He was stupid and immature when he used his computer webcam to live-stream video of Clementi embracing a man in their dorm room, Ravi told the Newark-based Star-Ledger newspaper and ABC's 20/20.
But he said he was not trying to intimidate Clementi because he was gay.
Clementi, 18, of Ridgewood, N.J., committed suicide by jumping off the George Washington Bridge days after learning of the spying incident and of tweet and text messages in which Ravi spread the word about the encounter.
While Clementi's death on Sept. 22, 2010, was not part of the case against Ravi, it became the catalyst for a national conversation about issues, such as bullying, faced by gay teenagers.
Neither the Clementis nor their attorney, Paul Mainardi, would address the comments Ravi has made in interviews this week.
"We appreciate the jury's efforts to carefully weigh all the evidence," the couple said in their statement. "This was a difficult decision on many levels but they followed the law and reached the correct verdict."
Ravi, 20, of Plainsboro, N.J., was convicted of all 15 counts he faced, including invasion of privacy and bias intimidation, a hate crime. But the jury made a distinction within the four bias-intimidation counts.
Ravi was convicted of conduct that "caused" Clementi to believe "that he was selected to be the target of the offense because of sexual orientation."
Under each count, the jury rejected arguments that Ravi set out to invade Clementi's privacy "with the purpose" to intimidate him. The panel found him not guilty of that aspect of the charge.
Ravi, who is free on $25,000 bail, faces up to 10 years in prison when he is sentenced in May. His lawyer said he intends to file an appeal of the conviction.
Ravi also could face deportation to India. He came to the United States as a child with his parents.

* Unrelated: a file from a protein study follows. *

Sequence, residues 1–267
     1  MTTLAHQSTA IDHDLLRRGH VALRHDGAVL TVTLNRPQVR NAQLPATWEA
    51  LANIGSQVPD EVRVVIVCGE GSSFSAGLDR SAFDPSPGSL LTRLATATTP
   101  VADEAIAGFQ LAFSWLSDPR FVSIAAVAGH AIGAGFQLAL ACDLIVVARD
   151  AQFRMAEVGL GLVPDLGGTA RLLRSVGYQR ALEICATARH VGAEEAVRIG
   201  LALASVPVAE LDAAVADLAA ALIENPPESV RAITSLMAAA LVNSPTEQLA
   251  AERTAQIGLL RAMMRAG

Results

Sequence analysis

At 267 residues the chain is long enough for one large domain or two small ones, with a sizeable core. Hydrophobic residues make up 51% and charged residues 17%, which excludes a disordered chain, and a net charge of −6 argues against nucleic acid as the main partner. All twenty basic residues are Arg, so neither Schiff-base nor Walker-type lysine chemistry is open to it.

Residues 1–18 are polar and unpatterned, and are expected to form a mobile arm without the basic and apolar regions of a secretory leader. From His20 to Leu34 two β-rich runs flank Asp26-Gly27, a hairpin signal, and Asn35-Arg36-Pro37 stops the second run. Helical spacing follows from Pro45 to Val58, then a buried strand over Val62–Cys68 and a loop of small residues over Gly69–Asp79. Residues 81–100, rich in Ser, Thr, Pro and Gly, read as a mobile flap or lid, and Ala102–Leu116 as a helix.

In the past, the Clementis have said they thought Ravi should be held accountable, but they said they did not believe his punishment should be "harsh." They have not commented on his potential sentence.
In their statement, the Clementis said they hoped lessons had been learned from the tragedy.
"We have become all too aware of the consequences suffered by people who are singled out for being different," they said.
"In this digital age, we need to teach our youngsters that their actions have consequences. . . . Their words have real power to hurt or to help."
The Clementis have formed a foundation in their son's memory aimed at promoting responsible use of electronic media and focusing on the problems of gay bullying.
Tyler Clementi, described as a shy, introverted student and an accomplished violinist, told his parents he was gay shortly before the start of his freshman year at Rutgers in August 2010.
In an e-mail to a friend that became one of hundreds of court documents, he said his mother had "rejected" him because of it.
Through his defense attorneys during the trial and in public comments, Ravi said he believed other issues led to Clementi's suicide.
In his interview on 20/20, which was to air Friday, Ravi acknowledged that he had become a symbol for gay bullying, but he insisted he had not tried to intimidate or harass Clementi. During the trial, students who knew Ravi said that he didn't have any issue with homosexuals.
"It would be kind of obnoxious of me to think that I could have this profound effect on him," Ravi told ABC reporter Chris Cuomo. "I feel like I was an insignificant part of his life."
He told the Star-Ledger, "I didn't act out of hate."
Contact George Anastasia at 856-779-3846 or firstname.lastname@example.org.
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